Residents answer the call of nature in buckets in the comfort of their small houses and pack the waste in plastic bags, which they throw out of their windows at night. This practice led to the rise of a new term — “the flying toilets of Kibera.” Curfew hours begin at 8 p.m. in Kibera, and puu-puu begins flying through the windows.
My father believed that the reason he was living in abject poverty is because he never had the privilege of completing his high school education. He resolved to give his children good educations if he could.
My family eventually moved from Kibera to Dandora, about half an hour east of the city of Nairobi.
Dandora is known for being the largest dumping site in Kenya, where crime and all sorts of evil reigns. Dad relocated the family to Dandora because the government was setting up public schools there and he wanted us to be in a neighborhood with public schools.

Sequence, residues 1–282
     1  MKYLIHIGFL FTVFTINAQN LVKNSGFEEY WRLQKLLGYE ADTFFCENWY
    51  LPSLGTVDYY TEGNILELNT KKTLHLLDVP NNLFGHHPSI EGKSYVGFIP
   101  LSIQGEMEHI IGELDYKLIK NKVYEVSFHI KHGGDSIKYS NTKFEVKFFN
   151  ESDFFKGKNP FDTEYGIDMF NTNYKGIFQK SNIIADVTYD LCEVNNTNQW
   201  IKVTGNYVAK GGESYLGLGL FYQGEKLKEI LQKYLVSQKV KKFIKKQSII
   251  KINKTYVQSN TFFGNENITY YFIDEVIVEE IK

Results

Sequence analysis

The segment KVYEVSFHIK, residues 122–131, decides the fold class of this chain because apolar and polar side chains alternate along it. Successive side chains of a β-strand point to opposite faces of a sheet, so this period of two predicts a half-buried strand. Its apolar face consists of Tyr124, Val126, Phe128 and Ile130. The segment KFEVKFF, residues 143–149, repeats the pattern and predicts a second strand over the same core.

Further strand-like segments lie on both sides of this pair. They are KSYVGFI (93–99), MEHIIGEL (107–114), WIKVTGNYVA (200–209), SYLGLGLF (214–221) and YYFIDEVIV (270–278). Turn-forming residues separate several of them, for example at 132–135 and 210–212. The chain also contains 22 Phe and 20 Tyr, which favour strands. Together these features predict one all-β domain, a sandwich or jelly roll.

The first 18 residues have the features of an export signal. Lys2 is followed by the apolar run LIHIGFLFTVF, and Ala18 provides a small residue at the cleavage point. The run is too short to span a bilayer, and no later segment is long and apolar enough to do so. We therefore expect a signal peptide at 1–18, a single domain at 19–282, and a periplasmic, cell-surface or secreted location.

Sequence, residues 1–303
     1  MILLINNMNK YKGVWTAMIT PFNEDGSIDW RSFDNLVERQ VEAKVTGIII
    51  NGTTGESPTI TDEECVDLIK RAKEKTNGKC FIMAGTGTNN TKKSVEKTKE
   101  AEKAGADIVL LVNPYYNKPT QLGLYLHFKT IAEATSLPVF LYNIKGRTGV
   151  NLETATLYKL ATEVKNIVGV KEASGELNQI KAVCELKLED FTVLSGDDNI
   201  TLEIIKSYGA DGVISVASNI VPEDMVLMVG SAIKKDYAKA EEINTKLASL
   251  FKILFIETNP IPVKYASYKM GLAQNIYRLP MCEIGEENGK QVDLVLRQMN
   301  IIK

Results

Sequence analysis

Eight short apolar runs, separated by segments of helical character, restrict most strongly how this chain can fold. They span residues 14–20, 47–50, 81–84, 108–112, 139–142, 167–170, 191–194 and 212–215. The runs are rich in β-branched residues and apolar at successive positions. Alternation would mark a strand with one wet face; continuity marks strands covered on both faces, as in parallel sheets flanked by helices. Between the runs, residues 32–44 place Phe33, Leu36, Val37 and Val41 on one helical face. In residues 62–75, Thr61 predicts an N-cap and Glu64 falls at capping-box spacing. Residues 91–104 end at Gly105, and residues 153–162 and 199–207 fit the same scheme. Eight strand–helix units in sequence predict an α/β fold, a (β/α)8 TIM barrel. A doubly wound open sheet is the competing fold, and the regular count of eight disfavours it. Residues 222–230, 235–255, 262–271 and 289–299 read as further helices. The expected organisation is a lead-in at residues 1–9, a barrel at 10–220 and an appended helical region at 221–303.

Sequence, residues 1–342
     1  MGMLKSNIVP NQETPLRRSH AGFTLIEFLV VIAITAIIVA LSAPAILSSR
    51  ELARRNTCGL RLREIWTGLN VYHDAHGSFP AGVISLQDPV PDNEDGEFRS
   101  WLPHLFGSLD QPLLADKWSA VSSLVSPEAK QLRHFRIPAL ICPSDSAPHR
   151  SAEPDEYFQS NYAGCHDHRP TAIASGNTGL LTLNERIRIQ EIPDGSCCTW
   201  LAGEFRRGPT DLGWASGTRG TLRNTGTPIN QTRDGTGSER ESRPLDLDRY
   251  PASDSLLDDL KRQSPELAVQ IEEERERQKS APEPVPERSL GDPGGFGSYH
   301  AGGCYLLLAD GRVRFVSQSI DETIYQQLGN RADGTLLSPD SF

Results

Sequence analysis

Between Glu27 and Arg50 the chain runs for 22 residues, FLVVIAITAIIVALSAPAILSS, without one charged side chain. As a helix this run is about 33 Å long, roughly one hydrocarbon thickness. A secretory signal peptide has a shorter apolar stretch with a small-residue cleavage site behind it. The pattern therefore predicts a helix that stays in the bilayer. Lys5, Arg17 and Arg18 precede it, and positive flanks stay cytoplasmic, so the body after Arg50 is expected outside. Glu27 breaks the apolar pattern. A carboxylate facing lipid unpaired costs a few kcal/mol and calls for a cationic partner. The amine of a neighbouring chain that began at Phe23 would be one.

When we moved to Dandora, I started schooling immediately. My dad, together with five other families, founded Dandora Baptist Church. (more…)
My biggest fear in life is not reaching my God-given potential. And for the first 20 years of my life, I found myself being increasingly shaped by worldly values. That is, until I came face to face with Jesus!
Since then my Creator and Saviour has been helping me to weed out values that are contrary to those of the Kingdom and walking with me towards the dreams He’s planted in my heart. It’s been a step-by-step process of learning to be faithful with what He entrusts me with.